Algoma Pierhead Light, WI
Algoma Pierhead Front Light, WI
The Algoma Light was established in 1893 and rebuilt in 1908. In 1932, the entire structure was raised to its present forty-eight foot height.
This unique tower is known as the Pierhead Front Light and acts as a range with the back light tower. When mariners line up both lights, it insures alignment with the channel; very important when you’re trying to find your way at night or in fog.
The identifying features of this historic place are showing an occulting red light, three times every six seconds and visible for sixteen miles. She stands 48’ above sea level and blasts a loud horn in fog. She is painted red for daylight recognition.
Duty here was generally considered a “tough duty” tour – not only because there was no dwelling at or near the light tower, but also because servicing the light required walking an elevated catwalk for over seven hundred feet –every inch exposed to the weather and the sea!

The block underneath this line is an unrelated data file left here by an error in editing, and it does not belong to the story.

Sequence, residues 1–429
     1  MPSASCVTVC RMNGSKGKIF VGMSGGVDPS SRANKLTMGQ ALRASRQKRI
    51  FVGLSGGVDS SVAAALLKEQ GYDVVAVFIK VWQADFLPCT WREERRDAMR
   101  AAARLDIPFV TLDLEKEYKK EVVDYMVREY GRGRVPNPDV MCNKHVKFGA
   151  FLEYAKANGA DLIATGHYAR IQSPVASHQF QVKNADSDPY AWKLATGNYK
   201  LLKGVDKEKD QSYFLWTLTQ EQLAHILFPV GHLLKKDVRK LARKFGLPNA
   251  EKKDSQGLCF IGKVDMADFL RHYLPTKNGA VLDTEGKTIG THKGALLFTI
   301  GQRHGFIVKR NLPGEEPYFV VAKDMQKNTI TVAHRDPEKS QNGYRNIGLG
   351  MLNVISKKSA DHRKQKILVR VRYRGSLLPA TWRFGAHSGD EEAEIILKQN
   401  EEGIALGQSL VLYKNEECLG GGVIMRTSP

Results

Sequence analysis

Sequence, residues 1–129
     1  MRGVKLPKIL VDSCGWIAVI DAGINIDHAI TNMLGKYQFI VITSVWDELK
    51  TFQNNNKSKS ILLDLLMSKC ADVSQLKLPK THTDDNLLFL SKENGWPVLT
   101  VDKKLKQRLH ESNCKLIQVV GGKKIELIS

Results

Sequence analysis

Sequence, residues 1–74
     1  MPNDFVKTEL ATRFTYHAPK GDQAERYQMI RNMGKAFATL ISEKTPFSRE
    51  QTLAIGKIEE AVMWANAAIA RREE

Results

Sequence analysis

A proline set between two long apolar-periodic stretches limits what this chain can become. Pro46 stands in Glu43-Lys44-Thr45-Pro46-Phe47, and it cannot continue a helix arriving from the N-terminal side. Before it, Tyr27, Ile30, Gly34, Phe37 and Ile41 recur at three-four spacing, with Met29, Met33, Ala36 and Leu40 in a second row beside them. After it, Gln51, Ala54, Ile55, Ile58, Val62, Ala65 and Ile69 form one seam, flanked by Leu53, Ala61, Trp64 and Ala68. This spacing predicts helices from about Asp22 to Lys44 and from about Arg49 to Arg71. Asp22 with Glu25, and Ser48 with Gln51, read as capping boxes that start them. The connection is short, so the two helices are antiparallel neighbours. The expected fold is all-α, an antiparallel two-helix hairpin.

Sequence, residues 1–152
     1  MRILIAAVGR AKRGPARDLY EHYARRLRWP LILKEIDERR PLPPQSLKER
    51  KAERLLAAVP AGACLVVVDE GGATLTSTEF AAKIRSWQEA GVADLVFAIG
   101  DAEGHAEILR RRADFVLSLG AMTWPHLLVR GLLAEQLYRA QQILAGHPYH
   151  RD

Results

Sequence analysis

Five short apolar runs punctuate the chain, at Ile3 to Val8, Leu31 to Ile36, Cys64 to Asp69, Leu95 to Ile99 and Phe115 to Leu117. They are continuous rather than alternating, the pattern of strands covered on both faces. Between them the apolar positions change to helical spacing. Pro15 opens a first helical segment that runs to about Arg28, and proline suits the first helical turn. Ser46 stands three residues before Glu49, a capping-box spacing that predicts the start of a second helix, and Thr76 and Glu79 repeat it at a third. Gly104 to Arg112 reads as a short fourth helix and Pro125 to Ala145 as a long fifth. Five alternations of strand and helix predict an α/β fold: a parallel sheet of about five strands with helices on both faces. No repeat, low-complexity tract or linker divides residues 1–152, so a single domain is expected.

Imagine what that was like in stormy weather, with waves washing over and under the walkway – and how about the icy wither months?
Lighthouse keepers were courageous, dedicated, responsible people. They had to be, to keep the lights going when things got rough. Mariners depended on them and they were not disappointed!
As a sailor, I’m grateful for their many contributions that helped keep us safe on the water!
Alfred La Banca Sailor/Artist Darien, CT